Monday, 4 June 2018

What Is Smart Pharma and Will It Change the Industry?

Smarter pharmaceuticals and pharmacovigilance are transforming the healthcare space. But what exactly is “smart pharma” and how are these digital technologies transforming and benefitting the industry?

A special report by Megan Ray Nichols

Gone are the days of lozenges, pills and handmade tinctures. Instead, we’re seeing the rise in cost-effective, patient-led management of chronic illnesses and optimized service design. Smart pharma is the incorporation of new technologies to improve and enhance the healthcare industry as well as its efficiency and the experience of healthcare providers and service users.

The arrival of cloud technology, improvements in mobile communications, commonplace incorporation of AI and big data are the main factors giving rise to such innovation — and the pharmaceutical industry is transforming as these new technologies are ever-evolving and disrupting the space.

Advancements in medical adherence, capturing data, delivering treatments, pharma manufacturing supply chain and patient engagement have forced pharma companies to evolve and adapt in order to remain competitive. Below are some of the most exciting resultant areas of innovation:

Drug Development

The approach to drug development in recent years has been debated given the varied success of the processes employed. As part of smart pharma and pharmacovigilance, the use of mobile sensors can now allow data and physiology to be tracked as part of trials.

Remote monitoring has enabled drug development trials to be more effective, but only if sponsors are still able to collect the right data from the patients. To access to the proper digital tools to do this, especially to monitor serious adverse events (SAEs), principle investigators in the trial space rely on pharmacovigilance, which is the science of collection, analysis, detection and prevention of SAEs with pharmaceutical products.

Examples of these are cloud-based multi-platform tools to standardize the capture of SAEs, which improves the progress and efficacy of drug development. AI tools are also brought in to analyze the data provided at a faster rate to reveal patterns and form predictions.

Medical Adherence

Drug delivery technology has improved significantly over recent years and smart pharma is proving to overhaul historically poor medication adherence. Problems in medical adherence mainly include pain experienced by patients during the process, complications on the side of the healthcare provider due to complex adherence protocols and generally poor communication or lack of resources for effective administering of medicines.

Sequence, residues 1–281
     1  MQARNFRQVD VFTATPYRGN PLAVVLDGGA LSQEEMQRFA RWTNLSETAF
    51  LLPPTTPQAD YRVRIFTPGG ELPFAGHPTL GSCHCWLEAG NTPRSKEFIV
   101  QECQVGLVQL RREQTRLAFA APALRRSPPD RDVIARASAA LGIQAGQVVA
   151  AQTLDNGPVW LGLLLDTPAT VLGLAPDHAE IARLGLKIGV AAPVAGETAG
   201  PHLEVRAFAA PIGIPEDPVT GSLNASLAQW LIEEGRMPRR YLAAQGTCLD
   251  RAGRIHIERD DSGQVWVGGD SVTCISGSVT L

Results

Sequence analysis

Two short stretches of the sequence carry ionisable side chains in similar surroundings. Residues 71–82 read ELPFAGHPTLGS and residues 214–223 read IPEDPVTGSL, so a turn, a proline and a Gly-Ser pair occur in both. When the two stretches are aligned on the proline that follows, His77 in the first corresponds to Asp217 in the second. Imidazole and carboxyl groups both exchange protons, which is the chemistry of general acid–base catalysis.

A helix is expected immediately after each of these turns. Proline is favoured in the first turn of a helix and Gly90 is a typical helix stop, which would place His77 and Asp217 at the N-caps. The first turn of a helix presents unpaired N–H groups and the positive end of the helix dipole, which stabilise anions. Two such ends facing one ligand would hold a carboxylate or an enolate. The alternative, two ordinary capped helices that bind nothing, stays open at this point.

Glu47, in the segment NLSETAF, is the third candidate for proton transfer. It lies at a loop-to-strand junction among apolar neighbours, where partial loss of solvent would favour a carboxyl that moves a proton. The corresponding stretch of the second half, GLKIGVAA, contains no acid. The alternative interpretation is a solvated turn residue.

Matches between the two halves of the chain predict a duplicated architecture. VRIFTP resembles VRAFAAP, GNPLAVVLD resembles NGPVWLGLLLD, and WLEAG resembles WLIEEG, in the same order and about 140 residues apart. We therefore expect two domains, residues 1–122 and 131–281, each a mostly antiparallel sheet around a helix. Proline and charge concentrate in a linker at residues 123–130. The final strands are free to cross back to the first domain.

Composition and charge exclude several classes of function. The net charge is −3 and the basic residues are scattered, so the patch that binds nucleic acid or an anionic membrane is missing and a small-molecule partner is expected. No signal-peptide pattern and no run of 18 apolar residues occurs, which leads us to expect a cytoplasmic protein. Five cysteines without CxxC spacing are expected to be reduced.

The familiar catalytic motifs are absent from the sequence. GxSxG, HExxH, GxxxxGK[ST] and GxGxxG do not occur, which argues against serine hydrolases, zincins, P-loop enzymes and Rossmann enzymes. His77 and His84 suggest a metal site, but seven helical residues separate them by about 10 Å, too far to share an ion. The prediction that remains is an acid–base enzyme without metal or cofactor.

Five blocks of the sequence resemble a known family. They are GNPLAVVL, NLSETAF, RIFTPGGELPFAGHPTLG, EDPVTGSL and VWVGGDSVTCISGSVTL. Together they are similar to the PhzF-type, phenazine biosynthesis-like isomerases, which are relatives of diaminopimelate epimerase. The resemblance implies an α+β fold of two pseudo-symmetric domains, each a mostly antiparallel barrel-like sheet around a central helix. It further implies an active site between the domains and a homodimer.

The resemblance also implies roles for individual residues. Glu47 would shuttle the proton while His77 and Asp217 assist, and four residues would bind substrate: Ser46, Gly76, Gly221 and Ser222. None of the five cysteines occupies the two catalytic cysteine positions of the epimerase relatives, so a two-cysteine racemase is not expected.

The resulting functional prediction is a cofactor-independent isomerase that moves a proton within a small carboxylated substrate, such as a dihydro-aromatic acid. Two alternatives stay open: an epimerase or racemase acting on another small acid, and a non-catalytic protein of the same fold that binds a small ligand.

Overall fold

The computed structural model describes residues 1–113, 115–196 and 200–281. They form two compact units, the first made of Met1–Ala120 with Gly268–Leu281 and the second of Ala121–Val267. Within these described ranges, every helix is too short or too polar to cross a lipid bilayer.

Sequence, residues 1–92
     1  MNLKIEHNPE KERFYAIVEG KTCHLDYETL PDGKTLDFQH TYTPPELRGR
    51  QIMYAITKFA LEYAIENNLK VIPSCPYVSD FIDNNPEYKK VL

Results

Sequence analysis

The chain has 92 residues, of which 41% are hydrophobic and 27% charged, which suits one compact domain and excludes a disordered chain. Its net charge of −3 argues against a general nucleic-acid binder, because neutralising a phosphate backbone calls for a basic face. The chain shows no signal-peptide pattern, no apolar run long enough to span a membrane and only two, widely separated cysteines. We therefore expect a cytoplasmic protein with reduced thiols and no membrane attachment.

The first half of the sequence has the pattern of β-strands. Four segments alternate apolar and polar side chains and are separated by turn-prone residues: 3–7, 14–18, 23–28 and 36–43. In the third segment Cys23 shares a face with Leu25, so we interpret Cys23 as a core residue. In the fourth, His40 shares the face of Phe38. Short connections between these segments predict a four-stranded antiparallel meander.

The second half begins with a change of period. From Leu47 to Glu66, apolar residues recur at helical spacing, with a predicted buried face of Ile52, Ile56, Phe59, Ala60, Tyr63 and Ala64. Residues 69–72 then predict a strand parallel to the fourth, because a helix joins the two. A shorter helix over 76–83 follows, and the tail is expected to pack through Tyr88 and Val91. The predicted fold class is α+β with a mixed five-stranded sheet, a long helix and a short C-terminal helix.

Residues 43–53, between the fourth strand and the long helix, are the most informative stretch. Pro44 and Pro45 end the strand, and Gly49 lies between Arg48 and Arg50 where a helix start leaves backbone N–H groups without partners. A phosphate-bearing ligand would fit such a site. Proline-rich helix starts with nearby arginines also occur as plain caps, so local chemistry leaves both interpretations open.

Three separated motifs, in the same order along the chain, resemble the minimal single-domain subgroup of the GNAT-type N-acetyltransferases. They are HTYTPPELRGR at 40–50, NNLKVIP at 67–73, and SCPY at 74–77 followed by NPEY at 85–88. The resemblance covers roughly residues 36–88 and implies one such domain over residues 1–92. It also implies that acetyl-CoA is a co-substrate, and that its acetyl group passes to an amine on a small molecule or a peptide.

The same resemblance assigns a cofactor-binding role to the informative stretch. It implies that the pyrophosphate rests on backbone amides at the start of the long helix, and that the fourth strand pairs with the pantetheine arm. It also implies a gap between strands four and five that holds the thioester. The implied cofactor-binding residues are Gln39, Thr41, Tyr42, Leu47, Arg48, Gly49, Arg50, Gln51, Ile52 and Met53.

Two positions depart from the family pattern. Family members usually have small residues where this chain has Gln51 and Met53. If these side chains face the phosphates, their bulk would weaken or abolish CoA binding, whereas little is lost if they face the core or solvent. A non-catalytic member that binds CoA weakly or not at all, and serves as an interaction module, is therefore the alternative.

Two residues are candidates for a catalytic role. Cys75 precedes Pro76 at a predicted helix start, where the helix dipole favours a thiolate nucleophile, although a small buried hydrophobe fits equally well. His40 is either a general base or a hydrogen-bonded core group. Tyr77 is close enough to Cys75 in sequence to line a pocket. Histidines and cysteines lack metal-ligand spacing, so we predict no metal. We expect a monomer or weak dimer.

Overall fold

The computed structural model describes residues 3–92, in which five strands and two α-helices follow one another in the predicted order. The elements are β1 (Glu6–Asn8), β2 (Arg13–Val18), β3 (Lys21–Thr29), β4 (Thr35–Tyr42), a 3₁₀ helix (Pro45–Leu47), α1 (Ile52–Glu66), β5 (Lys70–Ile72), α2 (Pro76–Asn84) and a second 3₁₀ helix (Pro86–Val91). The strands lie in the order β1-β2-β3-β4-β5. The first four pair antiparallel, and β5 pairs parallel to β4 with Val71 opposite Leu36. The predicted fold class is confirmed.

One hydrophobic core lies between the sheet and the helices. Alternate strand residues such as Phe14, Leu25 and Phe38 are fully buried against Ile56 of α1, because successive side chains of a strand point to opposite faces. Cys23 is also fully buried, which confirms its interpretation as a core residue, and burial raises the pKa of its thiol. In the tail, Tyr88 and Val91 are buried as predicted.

Smart pharma’s approach to solving these issues is multi-faceted and a major advancement is the newly FDA-approved “digital pill,” which uses an embedded sensor to track if patients have ingested it. This will go some way toward helping the medical adherence of schizophrenic patients or individuals with similar paranoia issues.

Additionally, and interestingly, even the technology used to manufacture both traditional and next-generation pill-based medications, such as high-efficiency compressed air, can be credited with higher adherence rates thanks to more easily ingestible, not to mention marketable, textures and colors.

Tailored Treatment

Smart pharma has changed the way treatment plans are developed. Treatment plans are far more effective if they are tailor-made. However, these are particularly data-reliant to ensure patients receive the best drugs to treat themselves, and that’s exactly where smart pharma comes in.

McKinsey Global Institute suggests that smart pharma will enable a digital ecosystem which monitors the health of patients and sends data as updates to stakeholders. As a result, healthcare service providers will be empowered to target areas as part of the patient’s treatment plan that need more improvement.

Smart pharma is opening up a new era of patient empowerment as well as more intelligent processes and procedures, making healthcare providers more efficient and targeted with their time. This positive change is creating more possibilities for the industry that could go on to save billions for hospitals, governments and customers in the future, as well as, and much more importantly, saving lives and preventing illnesses.

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